Janko Domsic was, among many other things, a demiurge, a builder, an organizer, and an artist. It was in his makeshift dormitory not far from the Montmartre cemetery, in Paris, that this Croatian exile made his celestial compositions, filled with religious political and Masonic symbols. “My writings are coded.” His drawings, like the texts that accompany them, respond to a very elaborate system. Magnified in the exhibition Art brut, works of the Antoine de Galbert collection, in 2015, at the maison rouge (Paris), his pieces appear in all the major world collections, both public and private, of art brut.
Janko Domsic was born in Malunje (Yugoslavia) in 1915. Very little is known about his life, except that he arrived in France under obscure circumstances, that he might have stayed in prison for a while and that he worked for some time on the construction of the railway in Pont-sur-Yonne. In Paris, near the Place de Clichy, he lived in very poor conditions.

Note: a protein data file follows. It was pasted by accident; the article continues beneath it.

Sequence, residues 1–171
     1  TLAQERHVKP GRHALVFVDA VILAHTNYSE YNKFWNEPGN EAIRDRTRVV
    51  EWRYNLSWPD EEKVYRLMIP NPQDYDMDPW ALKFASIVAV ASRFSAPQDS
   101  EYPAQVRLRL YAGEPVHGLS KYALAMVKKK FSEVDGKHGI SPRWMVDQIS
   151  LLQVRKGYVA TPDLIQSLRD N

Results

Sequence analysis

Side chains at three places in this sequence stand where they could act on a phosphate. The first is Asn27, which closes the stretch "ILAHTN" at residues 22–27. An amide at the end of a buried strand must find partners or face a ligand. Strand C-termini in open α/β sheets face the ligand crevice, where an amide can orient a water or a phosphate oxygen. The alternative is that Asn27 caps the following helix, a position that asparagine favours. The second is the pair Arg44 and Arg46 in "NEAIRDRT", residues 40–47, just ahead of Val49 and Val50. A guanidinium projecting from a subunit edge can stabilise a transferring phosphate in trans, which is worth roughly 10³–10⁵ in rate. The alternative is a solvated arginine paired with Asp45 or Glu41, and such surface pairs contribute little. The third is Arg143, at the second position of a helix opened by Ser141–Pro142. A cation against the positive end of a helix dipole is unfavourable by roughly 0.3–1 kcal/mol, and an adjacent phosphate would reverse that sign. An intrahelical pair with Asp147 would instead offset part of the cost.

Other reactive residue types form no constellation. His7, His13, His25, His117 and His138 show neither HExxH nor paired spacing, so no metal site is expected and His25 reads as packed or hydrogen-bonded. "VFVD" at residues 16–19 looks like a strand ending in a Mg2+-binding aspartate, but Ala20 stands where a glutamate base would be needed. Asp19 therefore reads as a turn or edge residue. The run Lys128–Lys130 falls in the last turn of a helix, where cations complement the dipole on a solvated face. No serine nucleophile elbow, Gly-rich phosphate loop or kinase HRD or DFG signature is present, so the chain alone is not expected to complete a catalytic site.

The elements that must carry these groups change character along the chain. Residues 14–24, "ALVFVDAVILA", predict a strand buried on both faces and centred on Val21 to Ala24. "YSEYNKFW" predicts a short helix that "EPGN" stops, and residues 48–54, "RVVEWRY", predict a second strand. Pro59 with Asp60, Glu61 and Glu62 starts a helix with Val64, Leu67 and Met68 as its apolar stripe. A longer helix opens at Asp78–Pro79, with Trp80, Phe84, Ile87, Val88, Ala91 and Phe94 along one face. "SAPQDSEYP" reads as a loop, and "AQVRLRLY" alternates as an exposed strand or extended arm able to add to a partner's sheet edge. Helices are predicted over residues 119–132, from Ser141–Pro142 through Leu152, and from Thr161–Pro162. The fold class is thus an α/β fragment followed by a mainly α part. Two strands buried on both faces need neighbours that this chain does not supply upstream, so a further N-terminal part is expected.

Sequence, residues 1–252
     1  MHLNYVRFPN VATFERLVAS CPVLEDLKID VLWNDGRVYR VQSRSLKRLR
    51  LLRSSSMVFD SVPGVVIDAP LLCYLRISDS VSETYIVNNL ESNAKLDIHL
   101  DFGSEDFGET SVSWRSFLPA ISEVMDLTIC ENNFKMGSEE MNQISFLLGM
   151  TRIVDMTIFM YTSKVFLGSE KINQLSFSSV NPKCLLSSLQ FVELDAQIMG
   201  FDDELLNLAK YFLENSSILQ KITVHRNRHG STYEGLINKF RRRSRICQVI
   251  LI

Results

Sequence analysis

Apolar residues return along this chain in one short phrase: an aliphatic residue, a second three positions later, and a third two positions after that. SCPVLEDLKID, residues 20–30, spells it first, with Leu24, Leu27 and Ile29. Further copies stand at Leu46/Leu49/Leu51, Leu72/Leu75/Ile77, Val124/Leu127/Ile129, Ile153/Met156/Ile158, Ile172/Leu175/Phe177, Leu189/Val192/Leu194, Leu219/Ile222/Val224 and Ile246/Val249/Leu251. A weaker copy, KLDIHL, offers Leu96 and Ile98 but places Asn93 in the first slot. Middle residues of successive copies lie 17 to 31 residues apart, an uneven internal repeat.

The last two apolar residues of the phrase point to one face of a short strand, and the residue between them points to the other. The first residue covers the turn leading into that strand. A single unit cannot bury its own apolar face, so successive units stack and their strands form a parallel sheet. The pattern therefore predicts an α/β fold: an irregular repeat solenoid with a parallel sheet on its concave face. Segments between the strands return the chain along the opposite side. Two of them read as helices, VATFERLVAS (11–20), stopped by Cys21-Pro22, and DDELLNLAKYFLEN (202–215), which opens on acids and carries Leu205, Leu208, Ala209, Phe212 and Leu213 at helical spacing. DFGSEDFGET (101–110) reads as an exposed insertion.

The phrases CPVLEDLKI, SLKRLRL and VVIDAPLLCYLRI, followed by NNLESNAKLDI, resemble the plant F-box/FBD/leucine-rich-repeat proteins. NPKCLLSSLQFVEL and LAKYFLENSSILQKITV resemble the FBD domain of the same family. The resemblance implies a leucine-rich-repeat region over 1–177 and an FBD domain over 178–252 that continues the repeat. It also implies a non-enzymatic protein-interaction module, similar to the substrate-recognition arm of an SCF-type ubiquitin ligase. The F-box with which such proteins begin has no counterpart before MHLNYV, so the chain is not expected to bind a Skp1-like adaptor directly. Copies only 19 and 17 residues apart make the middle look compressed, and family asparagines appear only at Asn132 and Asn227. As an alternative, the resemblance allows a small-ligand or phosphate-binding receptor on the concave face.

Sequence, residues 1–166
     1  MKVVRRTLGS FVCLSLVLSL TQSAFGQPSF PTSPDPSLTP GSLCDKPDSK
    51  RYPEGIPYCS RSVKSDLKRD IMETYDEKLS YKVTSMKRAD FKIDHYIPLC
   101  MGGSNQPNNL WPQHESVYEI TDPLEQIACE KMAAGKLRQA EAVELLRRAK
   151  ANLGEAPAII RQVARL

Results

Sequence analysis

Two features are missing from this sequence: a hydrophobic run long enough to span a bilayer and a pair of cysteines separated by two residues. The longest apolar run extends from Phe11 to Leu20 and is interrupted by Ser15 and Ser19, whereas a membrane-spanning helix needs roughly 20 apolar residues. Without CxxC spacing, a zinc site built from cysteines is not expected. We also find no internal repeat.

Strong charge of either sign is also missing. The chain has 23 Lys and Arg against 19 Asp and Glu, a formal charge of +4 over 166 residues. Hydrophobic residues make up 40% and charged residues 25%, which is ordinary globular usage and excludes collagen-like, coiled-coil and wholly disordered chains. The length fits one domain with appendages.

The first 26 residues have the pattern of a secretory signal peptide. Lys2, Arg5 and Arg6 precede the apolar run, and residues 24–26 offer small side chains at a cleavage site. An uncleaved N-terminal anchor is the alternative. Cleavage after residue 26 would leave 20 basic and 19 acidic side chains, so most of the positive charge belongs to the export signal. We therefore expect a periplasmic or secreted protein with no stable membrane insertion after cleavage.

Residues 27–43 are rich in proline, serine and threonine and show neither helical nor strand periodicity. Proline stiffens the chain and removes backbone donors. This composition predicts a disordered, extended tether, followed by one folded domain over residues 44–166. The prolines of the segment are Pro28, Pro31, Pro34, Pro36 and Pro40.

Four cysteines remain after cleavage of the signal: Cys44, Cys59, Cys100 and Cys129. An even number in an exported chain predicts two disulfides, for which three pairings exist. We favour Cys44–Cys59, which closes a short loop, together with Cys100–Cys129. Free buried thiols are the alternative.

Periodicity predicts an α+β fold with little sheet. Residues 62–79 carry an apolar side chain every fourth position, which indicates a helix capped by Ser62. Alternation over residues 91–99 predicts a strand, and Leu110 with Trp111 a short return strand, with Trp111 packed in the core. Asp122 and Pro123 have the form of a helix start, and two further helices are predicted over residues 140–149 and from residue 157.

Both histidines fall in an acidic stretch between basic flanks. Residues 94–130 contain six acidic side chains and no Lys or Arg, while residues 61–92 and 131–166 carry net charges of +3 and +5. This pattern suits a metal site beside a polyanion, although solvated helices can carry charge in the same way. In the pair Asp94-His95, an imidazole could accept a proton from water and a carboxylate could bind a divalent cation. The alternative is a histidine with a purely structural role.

Domsic drew and wrote abundantly: religious, political, Masonic themes. “My writings are coded,” he said, with each letter of one word forming another word and each symbol part of a personal coding system.
A brilliant inventor of many neologisms, he writes in French - although Croatian or German words sometimes slip in - and speaks about himself in the third person. His writing in coloured pencil, ballpoint pen or felt pen follows the drawing in a perpendicular or circular way. The unique geometry of the figures produces a global tension underlying the entire composition and creating a universe of anonymous and disembodied characters.
As a document from the police prefecture attests, he called himself Janko Bonsang Halleluya Domsic. He died in 1983, taking with him the secrets of his art and leaving behind a beautiful legacy since his masterpiece currently appears in the largest collections of art brut in the world.
Foreword : Christian Berst
Catalog published to mark the exhibition Janko Domsic : the celestial mechanic, from October 17th to November 22th, 2008. Extended and revisited version, 2018.